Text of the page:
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Black English is NOT substandard

Posted By: Michael Metz on January 22, 2016
I was shocked to read this rant perpetuating myths about Black English that have been debunked in research on linguistics, sociolinguistcs, and linguistic anthropology for over half a century. The assertion that Black English is “substandard,” “tortured English” a dismissal of “linguistic standards,” and “antithetical to … maturity, courage, and political sophistication” is the kind of ignorant bigotry that many researchers who contribute to TCR work against on a daily basis. As is common in many language rants (see Dunn and Linblom, 2011) the author conflates multiple linguistic concepts in his characterization of Black English. In general a dialect (such as Standard English, or Black English) consists of a constellation of systematic, rule bound, language features. Dialects are not formal or informal. The “black giants” the author references all used Black English features in their speech and writing in formal and informal contexts (See Rickford & Rickford, 2000 for examples). The author erroneously conflates Black English with vulgarity, profanity, and particular youth slang.

I ask the author to dig a little bit more deeply into the assumptions revealed by his loaded language. The venom poured on a historically stigmatized variety of English says much more about the listener than it does about the speaker. To be plain, there is nothing inherently wrong with Black English. I use the term Black English to refer to a dialect, as it might be spoken by one of my now-elderly mentor teachers, by the minister at my church, or by the President of the United States, NOT to refer to the use of vulgarity by teenagers on Facebook.

While I understand the author’s frustration at young people’s opposition to “talking proper,” I also understand young people’s resistance to assimilation into middle class white culture through being railroaded into a particular way of speaking. A prescriptive approach that tells students (erroneously) that Standard English is correct and Black English is wrong hasn’t worked and won’t work with most students. A better approach is to build students’ language knowledge with actual linguistic truths and provide students a repertoire of language tools that includes both Standard English and Black English. This approach diminishes the stigma attached to either language variety and encourages students to use their repertoire of language resources in ways that help them achieve their goals, whether those goals be related to professional success, social communication, the assertion of racial identity, or a combination of all three.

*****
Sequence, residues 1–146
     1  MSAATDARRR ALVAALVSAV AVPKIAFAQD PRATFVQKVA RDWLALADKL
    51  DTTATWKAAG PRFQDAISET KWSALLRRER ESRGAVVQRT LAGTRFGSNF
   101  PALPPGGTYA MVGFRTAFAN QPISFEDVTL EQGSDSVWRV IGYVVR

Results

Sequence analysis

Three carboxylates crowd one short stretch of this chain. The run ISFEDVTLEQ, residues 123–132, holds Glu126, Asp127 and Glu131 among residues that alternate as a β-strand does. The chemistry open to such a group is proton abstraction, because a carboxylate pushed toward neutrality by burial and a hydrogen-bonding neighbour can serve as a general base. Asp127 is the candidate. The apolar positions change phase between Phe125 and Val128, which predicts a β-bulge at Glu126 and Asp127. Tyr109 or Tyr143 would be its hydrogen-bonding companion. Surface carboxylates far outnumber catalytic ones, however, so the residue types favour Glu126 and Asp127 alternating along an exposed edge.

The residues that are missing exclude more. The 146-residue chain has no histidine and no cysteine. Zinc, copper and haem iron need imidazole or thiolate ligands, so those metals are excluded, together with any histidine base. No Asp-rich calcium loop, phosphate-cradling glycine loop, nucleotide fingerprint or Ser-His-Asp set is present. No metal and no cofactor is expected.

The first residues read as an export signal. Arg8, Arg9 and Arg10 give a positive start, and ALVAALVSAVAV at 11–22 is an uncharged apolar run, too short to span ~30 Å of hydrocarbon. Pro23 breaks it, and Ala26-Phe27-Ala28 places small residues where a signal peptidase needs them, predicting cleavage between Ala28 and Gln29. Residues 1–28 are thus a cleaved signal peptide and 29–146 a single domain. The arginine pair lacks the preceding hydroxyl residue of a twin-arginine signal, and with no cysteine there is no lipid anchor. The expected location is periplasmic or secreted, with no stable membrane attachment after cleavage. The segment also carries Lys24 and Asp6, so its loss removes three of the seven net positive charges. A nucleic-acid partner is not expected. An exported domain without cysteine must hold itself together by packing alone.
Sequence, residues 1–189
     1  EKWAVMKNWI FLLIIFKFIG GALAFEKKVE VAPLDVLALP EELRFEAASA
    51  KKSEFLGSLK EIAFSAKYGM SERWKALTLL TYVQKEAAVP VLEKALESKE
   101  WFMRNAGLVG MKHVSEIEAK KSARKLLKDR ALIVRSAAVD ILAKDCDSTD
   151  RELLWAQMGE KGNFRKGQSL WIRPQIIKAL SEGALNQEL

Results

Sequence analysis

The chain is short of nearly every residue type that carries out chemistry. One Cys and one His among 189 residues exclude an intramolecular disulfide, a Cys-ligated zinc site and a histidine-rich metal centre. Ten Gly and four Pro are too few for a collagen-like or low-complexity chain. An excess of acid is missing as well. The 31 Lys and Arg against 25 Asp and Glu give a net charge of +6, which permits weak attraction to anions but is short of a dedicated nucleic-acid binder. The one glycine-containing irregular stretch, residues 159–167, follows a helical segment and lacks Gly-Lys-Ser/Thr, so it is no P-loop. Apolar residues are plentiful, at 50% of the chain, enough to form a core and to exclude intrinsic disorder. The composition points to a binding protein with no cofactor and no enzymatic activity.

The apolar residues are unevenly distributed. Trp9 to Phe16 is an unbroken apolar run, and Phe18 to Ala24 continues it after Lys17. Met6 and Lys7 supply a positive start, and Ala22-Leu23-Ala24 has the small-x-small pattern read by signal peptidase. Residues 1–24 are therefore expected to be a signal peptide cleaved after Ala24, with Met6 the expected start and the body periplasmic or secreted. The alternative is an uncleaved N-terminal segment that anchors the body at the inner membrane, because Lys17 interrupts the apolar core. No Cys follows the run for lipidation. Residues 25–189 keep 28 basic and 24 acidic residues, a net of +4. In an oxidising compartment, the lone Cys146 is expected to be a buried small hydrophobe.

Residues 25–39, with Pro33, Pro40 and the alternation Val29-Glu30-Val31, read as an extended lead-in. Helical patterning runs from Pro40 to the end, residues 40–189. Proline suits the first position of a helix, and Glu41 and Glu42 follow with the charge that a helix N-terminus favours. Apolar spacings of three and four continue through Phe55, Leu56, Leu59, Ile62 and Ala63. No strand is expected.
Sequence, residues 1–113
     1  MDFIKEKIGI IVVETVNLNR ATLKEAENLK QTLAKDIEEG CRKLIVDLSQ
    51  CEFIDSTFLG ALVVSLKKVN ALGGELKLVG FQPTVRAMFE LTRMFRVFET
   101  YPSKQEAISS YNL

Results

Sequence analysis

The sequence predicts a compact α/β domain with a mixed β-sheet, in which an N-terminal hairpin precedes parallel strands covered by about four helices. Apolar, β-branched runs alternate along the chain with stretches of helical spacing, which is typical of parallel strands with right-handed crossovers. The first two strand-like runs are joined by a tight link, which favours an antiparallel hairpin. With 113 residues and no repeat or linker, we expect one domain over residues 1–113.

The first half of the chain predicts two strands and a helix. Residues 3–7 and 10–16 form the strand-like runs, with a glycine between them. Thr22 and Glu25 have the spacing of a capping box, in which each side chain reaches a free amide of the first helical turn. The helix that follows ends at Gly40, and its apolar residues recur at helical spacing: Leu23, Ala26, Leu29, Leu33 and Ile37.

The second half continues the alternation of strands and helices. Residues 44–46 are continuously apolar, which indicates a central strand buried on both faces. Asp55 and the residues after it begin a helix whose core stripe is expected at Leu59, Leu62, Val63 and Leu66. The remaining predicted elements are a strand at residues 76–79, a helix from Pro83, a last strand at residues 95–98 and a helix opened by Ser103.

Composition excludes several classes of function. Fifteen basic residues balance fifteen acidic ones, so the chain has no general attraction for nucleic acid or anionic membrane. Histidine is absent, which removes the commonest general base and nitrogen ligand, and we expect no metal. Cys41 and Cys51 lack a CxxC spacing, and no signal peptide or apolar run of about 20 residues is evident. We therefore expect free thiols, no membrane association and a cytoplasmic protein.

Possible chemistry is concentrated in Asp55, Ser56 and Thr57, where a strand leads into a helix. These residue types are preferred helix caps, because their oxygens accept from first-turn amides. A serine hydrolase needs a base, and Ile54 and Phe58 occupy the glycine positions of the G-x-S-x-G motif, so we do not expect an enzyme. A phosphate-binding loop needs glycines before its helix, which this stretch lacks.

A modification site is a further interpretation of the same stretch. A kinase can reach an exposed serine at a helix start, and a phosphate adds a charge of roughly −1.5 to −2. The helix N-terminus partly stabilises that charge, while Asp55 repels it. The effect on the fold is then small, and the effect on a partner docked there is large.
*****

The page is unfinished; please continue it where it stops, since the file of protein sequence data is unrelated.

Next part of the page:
The author’s postlapsarian lament is better directed at the use of “profane language” and “vulgarity” in popular culture. I encourage anyone reading this article to also read anything in the field of linguistics, sociolinguistcs, or linguistic anthropology written in the last 50 years. To address the misconceptions in this piece I recommend work by Smitherman, Lippi-Green, Rickford, or Charity-Hudley, as starting points.

The urgency of educating our youth is too great to let hegemonic language ideologies continue to turn kids away from expanding their language knowledge.
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 Black English is NOT substandard by Michael Metz on January 22, 2016
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